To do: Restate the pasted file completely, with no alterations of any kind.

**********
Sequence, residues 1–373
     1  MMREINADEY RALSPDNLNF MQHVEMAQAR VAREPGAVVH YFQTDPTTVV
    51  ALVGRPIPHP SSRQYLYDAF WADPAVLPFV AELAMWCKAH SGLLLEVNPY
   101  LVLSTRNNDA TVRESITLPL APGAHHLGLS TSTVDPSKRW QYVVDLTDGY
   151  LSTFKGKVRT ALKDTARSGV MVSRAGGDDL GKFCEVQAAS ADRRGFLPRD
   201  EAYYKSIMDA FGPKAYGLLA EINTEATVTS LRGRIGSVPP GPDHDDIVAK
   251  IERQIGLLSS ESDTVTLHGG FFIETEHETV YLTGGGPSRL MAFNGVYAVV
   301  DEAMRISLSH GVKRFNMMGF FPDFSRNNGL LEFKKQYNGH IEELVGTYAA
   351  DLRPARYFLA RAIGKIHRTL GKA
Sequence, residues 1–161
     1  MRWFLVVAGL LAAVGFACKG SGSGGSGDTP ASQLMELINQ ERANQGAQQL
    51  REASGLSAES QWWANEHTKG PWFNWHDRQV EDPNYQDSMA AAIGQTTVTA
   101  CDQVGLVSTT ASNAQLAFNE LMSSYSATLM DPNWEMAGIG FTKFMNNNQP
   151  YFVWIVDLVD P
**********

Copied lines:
Sequence, residues 1–373
     1  MMREINADEY RALSPDNLNF MQHVEMAQAR VAREPGAVVH YFQTDPTTVV
    51  ALVGRPIPHP SSRQYLYDAF WADPAVLPFV AELAMWCKAH SGLLLEVNPY
   101  LVLSTRNNDA TVRESITLPL APGAHHLGLS TSTVDPSKRW QYVVDLTDGY
   151  LSTFKGKVRT ALKDTARSGV MVSRAGGDDL GKFCEVQAAS ADRRGFLPRD
   201  EAYYKSIMDA FGPKAYGLLA EINTEATVTS LRGRIGSVPP GPDHDDIVAK
   251  IERQIGLLSS ESDTVTLHGG FFIETEHETV YLTGGGPSRL MAFNGVYAVV
   301  DEAMRISLSH GVKRFNMMGF FPDFSRNNGL LEFKKQYNGH IEELVGTYAA
   351  DLRPARYFLA RAIGKIHRTL GKA
Sequence, residues 1–161
     1  MRWFLVVAGL LAAVGFACKG SGSGGSGDTP ASQLMELINQ ERANQGAQQL
    51  REASGLSAES QWWANEHTKG PWFNWHDRQV EDPNYQDSMA AAIGQTTVTA
   101  CDQVGLVSTT ASNAQLAFNE LMSSYSATLM DPNWEMAGIG FTKFMNNNQP
   151  YFVWIVDLVD P